This interview was originally broadcast on December 19, 2005.
In time for the holidays, Fresh Air presents an in-studio concert. Singer Rebecca Kilgore, trombonist Dan Barrett and pianist Rossano Sportiello played at the NOLA studios in Manhattan.
Kilgore is one of the leading interpreters of American songs. She became known for her work with pianist and composer Dave Frishberg.
In 2002, Kilgore formed her own band, BED; Barrett also plays trombone in the band. Their latest CD is BEDlam.
Sportiello, a stride pianist from Italy, has played to crowds the world over, winning fans with his brilliant technique and a deep knowledge of stride piano. He records on Barrett's Blue Swing record label.
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DAVID BIANCULLI, HOST:
Christmas has generated more songs than any other holiday, including a few that many of us dread hearing over and over this time of year. But there are some gems, some well known, some a little more obscure. We thought we'd share one of each from a performance Terry Gross recorded a few years ago with singer Rebecca Kilgore who has several CDs under her own name.
Rebecca is accompanied by trombonist Dan Barrett and pianist Rossano Sportiello.
TERRY GROSS, HOST:
I'd like you to do a song that is really about not being able to be home for Christmas, although it's called "I'll Be Home For Christmas." Would you sing it for us, Becky?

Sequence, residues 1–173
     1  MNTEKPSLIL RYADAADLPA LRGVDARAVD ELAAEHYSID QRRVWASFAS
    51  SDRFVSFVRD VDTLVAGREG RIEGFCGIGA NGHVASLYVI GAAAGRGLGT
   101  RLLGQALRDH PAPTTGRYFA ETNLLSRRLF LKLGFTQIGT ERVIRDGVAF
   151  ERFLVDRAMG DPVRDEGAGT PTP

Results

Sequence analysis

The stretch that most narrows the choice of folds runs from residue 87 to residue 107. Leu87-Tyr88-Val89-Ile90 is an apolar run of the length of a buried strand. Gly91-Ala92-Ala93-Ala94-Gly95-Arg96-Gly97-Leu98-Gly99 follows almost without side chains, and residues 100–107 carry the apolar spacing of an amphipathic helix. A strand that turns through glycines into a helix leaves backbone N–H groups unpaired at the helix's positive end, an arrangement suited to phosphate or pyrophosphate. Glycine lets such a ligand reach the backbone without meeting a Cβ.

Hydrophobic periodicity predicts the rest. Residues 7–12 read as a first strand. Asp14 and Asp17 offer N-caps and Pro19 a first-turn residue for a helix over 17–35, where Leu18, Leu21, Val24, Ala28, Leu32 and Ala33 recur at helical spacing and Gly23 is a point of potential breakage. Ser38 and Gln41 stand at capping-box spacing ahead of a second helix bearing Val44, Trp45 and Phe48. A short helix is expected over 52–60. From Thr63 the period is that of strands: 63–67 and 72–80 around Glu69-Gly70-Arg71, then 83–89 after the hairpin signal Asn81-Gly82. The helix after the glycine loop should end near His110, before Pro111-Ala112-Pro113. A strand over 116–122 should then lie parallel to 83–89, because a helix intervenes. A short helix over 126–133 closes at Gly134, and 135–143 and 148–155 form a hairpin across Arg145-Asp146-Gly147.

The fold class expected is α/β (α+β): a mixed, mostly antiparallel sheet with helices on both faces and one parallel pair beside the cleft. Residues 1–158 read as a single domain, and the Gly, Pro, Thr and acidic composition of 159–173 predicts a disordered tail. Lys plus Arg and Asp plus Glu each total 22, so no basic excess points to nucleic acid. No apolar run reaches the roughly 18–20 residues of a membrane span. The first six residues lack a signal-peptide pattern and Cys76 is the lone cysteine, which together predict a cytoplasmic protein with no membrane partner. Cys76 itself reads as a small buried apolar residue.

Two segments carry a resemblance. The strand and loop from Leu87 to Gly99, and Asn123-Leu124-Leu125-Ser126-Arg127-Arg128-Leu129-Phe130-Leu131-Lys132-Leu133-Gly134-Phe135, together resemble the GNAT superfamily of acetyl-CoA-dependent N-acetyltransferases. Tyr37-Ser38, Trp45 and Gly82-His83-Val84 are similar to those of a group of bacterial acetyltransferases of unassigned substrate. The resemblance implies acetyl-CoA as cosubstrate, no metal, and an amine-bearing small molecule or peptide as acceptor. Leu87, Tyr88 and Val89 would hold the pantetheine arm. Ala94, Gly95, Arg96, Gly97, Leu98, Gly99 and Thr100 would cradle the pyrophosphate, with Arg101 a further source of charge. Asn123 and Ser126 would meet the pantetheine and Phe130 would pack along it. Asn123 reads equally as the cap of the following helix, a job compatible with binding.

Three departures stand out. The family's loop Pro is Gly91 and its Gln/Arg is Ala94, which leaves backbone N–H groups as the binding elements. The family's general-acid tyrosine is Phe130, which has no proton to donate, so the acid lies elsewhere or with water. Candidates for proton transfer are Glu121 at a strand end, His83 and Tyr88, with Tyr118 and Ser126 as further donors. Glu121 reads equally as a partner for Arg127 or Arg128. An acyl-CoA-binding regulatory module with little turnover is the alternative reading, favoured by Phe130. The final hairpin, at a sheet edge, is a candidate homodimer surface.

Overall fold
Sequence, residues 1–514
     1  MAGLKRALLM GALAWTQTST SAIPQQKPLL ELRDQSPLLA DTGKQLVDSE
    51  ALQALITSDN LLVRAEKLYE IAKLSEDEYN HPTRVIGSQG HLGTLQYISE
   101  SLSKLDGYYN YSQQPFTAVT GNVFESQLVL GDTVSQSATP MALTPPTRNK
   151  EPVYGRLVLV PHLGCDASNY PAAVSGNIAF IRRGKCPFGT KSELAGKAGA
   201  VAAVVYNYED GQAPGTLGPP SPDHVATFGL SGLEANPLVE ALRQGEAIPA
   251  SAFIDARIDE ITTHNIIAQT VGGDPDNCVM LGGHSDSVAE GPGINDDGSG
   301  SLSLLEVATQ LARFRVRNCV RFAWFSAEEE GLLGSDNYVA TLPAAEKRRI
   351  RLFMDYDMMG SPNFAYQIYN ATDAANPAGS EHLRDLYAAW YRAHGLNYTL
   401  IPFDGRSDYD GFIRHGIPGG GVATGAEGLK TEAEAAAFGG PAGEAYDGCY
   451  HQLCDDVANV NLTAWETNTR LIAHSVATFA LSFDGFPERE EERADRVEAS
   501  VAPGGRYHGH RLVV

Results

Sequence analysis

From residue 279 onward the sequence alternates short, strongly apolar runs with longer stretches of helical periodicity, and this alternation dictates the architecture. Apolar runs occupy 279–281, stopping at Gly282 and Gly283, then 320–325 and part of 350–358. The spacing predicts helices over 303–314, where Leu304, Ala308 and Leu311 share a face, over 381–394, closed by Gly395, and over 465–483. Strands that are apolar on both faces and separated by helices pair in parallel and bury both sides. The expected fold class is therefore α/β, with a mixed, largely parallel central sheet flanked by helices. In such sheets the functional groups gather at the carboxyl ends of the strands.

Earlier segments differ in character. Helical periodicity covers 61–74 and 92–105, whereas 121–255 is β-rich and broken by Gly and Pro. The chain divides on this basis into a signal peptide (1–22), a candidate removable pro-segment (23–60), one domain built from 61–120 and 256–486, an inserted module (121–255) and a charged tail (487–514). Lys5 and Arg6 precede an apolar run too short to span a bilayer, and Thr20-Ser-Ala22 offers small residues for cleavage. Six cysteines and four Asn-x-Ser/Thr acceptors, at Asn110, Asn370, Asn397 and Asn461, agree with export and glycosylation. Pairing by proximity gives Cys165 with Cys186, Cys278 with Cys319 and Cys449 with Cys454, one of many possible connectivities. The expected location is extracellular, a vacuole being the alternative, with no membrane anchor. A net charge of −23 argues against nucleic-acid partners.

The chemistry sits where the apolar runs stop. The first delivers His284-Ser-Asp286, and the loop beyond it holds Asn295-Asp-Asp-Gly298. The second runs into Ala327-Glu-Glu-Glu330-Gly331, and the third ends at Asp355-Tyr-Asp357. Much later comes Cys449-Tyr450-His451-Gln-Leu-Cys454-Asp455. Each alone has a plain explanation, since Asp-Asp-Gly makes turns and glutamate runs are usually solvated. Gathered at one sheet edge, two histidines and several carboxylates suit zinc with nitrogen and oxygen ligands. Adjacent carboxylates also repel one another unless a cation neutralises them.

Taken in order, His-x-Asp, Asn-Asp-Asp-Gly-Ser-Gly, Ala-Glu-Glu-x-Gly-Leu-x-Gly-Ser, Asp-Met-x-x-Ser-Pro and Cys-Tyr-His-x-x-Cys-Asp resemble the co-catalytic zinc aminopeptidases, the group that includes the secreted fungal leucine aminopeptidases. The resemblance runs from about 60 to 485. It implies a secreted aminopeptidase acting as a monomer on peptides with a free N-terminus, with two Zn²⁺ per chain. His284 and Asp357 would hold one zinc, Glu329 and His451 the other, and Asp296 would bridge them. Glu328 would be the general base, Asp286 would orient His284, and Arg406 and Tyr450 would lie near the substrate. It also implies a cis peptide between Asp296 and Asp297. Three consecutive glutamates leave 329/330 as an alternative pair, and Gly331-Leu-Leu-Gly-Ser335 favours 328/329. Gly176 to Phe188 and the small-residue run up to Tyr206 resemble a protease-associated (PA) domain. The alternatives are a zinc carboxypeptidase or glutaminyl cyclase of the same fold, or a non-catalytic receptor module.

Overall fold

REBECCA KILGORE: I sure will. It's by Kim Gannon, Walter Kent and Buck Ram, 1943. "I'll Be Home for Christmas."
(Singing) I am dreaming tonight of a place I love even more than I usually do. And although I know it's a long road back, I promise you, I'll be home for Christmas. You can plan on me. Please have snow and mistletoe and presents on the tree. Christmas Eve will find me where the love light gleams. I'll be home for Christmas, if only in my dreams.
GROSS: Thank you for doing that song. A beautiful version of a beautiful song. Well, next song we're going to do, this is a really fun novelty jazz song. Becky.
KILGORE: It's a great song and I'm very excited about doing it. It's called "Santa Claus Blues." It's quite old. It's from 1924. And we actually borrowed a portion of an arrangement by John Sheridan of this song. It was recorded by a dear friend, a great vocalist, Banu Gibson. Thank you, John and Banu, for allowing us to use this arrangement of "Santa Claus Blues."
(SOUNDBITE OF SONG, "SANTA CLAUS BLUES")
KILGORE: (Singing) The merry bells are ringing today but they don't mean nothing to me. I hear the children singing today but I'm as blue as I can be. Oh, Santa Claus forgot my address, that's one thing I can plainly see. It may be Christmas to some folks, it's just December 25th to me. No money. No honey to buy a present for me.
Nobody. No toddy to make things pleasant for me. Last night my stocking I hung, just like when I was young. But this morning there was vacancy. No mingling. No jingling of coins. No picking, non-chicken, a pork chop tenderloin. And soon I'll hear the Happy New Year chime, that just means that there's more hard times. Bad luck, you're hard to lose. I've got the Santa Claus blues.
BIANCULLI: We've been listening to signer Rebecca Kilgore with trombonist Dan Barrett and pianist Rossano Sportiello from a performance recorded in 2005. You can hear Rebecca sing many other Christmas songs on the CD "Hurray for Christmas" with the John Sheridan Big Band and she has many CDs under her own name, including a recent one with the Rebecca Kilgore quartet. It's called "Yes, Indeed." Transcript provided by NPR, Copyright NPR.